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What would Erik Karlsson mean to Stars?

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As people set off fireworks* and grill untold tons of meats today, it’s possible that the NHL’s grand tradition of explosive Fourth of July blockbusters could continue with an Erik Karlsson trade.

In 2013, the Dallas Stars pulled off quite the Declaration of Competence by fleecing the Boston Bruins for Tyler Seguin, a move the Dallas Morning News and others can chronicle on a yearly basis. Perhaps it’s fitting, then, that the Stars have been tabbed as the latest frontrunners to land Karlsson’s services … for whatever that’s worth.

The Athletic’s CJ Stevenson and Sean Shapiro both report that the Stars made the best offers for Karlsson so far. Shapiro’s latest update came today, while Stevenson provided additional details about who could move, as young defensemen Miro Heiskanen and/or Julius Honka could be part of the asking price.

It’s difficult to gauge how likely Karlsson-to-Dallas really is. On the bright side, it’s opened the door for people to drop in some early analysis. One of the most interesting questions revolves around whether it would be worth it for the Stars to risk including Heiskanen (an intriguing Finnish defenseman who was the third pick in 2017) in the trade.

For the moment, let’s put the prospect discussion aside, and look big picture about how Karlsson might impact the Stars.

[MORE: Five other sensible potential destinations for Erik Karlsson]

* – Be careful!

A superstar right-handed Swede on defense almost every shift?

As much as the Stars have bumbled in drafting and development over the years, John Klingberg‘s an absolute gem they found in the fifth round (131st overall) in 2010. He drew some Norris buzz last season before cooling off, and his dirt-cheap $4.25 million cap hit runs through 2021-22.

Both Karlsson and Klingberg are right-handed defensemen, which might inspire the Stars to primarily rotate them rather than put them on the ice at the same time if Karlsson lands in Dallas.

Of course, there could be exceptions. Landing Karlsson would force some shifting as far as Dallas’ power play goes, and it would almost be silly not to have both of them on the ice when the Stars empty their net trying to score a late goal in a game.

Yet even under typical alignments, the Stars would enjoy the blissful luxury of rarely icing a defense that doesn’t include one of them.

Since 2012-13, Karlsson’s logged an average of 27:23 TOI per game, second only to Fourth of July Minnesota Wild signee Ryan Suter. John Klingberg’s 23:03 ties him for 30th during that span, and the 25-year-old averaged a career-high of 24:04 per night last season.

Over the years, it’s been frustrating to watch the Stars land big-time players like Tyler Seguin only to surround them with mediocre-to-bad supporting cast members. That’s been especially irritating on the blueline, as the Stars have seen more modern-style defensemen leave (examples: Alex Goligoski, Jason Demers) while adding sluggish types such as Marc Methot and Roman Polak.

It might not matter a whole lot if the Stars win the Karlsson sweepstakes.

While it would be better if Karlsson didn’t need to lug Methot around like he did in Ottawa, it’s not as if he isn’t experienced in carrying lesser defense partners. Consider the bewildering fact that, via Natural Stat Trick, Karlsson’s most frequent pairing was with Johnny Oduya. In 2017-18.

Simply put, few players can make the impact Karlsson can, as he isn’t just great … he can also log a ton of ice time, keeping less-great players on the bench more often.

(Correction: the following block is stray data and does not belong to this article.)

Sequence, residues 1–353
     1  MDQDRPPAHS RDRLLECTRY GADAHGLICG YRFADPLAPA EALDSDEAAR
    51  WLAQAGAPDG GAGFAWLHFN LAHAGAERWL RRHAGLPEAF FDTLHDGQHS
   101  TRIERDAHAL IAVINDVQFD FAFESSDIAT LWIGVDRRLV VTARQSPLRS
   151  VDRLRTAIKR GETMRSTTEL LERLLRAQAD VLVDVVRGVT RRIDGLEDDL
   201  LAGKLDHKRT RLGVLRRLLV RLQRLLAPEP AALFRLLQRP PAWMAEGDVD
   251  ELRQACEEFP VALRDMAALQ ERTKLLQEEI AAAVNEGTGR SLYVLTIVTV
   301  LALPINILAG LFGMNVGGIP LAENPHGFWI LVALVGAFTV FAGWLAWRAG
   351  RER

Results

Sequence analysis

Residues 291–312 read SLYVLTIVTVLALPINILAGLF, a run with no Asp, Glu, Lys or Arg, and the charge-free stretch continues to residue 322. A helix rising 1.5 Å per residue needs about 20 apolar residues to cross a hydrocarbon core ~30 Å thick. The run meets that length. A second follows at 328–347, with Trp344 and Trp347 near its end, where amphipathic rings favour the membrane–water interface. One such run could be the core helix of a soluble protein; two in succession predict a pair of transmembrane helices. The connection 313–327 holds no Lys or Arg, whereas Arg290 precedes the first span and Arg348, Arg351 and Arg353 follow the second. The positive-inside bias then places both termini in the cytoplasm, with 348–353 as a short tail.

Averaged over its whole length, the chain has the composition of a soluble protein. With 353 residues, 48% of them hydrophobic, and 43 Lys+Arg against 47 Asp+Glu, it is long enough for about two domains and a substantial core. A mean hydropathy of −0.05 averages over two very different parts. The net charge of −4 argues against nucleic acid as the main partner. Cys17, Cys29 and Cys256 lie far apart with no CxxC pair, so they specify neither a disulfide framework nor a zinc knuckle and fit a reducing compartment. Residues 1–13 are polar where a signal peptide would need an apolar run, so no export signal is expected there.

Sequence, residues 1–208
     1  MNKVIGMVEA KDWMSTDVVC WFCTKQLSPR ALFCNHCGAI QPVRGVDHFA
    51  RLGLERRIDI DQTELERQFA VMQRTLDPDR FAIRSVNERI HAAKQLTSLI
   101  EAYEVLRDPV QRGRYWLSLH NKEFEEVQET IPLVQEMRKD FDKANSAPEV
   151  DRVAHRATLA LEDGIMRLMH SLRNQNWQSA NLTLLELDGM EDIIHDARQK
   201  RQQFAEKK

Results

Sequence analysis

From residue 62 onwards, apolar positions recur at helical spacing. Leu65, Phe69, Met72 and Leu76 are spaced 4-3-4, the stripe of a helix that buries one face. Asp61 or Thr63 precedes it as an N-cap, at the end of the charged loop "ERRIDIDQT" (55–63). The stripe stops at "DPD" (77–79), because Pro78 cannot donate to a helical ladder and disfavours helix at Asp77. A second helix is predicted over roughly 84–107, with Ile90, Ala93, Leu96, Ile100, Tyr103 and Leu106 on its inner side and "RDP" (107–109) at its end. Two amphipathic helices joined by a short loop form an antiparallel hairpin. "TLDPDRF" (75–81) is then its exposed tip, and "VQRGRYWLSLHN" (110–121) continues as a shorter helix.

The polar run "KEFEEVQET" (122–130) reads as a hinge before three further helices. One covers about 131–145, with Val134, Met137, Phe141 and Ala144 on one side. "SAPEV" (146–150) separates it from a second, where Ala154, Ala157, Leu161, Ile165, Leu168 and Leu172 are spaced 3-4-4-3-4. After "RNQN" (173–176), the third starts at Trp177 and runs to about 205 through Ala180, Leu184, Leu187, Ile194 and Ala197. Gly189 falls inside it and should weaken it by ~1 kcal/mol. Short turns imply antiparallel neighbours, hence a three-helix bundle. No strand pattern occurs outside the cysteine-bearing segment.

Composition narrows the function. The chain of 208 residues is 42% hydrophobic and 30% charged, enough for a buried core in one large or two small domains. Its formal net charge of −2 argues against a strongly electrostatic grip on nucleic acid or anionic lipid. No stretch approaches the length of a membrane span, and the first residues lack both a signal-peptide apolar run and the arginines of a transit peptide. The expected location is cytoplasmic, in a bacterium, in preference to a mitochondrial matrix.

Win now, and win later?

Here’s something that might sneak up on you: the core of the Stars is getting a little older.

Jamie Benn is 28, and there was at least mild concern that he was slowing down – by his standards – last season. Alex Radulov was great in his debut season with Dallas, yet he’s also 31. Ben Bishop is 31 too, and sometimes that’s a scary thought, as injuries have been an issue at times for the towering goalie. Recent Stars additions are largely at risk of suffering age-related decline (Methot is 33, Blake Comeau and Polak are both 32).

Karlsson, 28, remains in the meat of his prime and would push a strangely middling Stars roster to a higher level. Dallas can’t wait forever to climb the ranks.

One potentially brilliant impact could be that, in landing Karlsson, the Stars might entice Tyler Seguin to stick around.

Seguin, 26, sees his absurdly low $5.75M cap hit expire after 2018-19. He’d be a UFA if the Stars couldn’t convince him to sign an extension, and while Dallas has had its highs, it would be easy to see why he might want to leave for a clearer contender if the growing pains continue. After all, that would be his first chance to really choose his team after being drafted by Boston and traded to the Stars.

Putting Karlsson in the mix could really inspire Seguin to just sign an extension. Don’t forget that NHL players have a ton of incentive to extend deals compared to, say, NBA players, as the injury risk must be a greater concern.

Such a risk might be worth taking if the Stars remain as a “bubble team,” but a future with Karlsson and Ben along with the security of an extension might be too sweet a bargain to pass up.

(Now, naturally, it would be a tight squeeze to fit Seguin and Karlsson under the cap, yet such struggles are easily worth the mental gymnastics.)

***

Few people outside of the Stars and Senators organizations know how close a Karlsson deal might be.

Even so, it’s entertaining to ponder the potential of adding another, well, star to the Stars. We’ll find out if Karlsson’s destination is revealed during this American holiday or if the hockey world will be forced to speculate deeper into the summer.

James O’Brien is a writer for Pro Hockey Talk on NBC Sports. Drop him a line at phtblog@nbcsports.com or follow him on Twitter @cyclelikesedins.

Galchenyuk trade just one reason Coyotes are excited

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Here’s a confession: last summer, I got a little too excited about the Arizona Coyotes’ progress.

It turns out that 2017-18 was a little too early to take the Coyotes seriously, but there are still reasons for optimism. The Alex GalchenyukMax Domi trade stands as the exclamation point at the end of a Coyotes fan’s sentence.

Sometimes teams improve by leaps and bounds. Other times, it’s more about baby steps.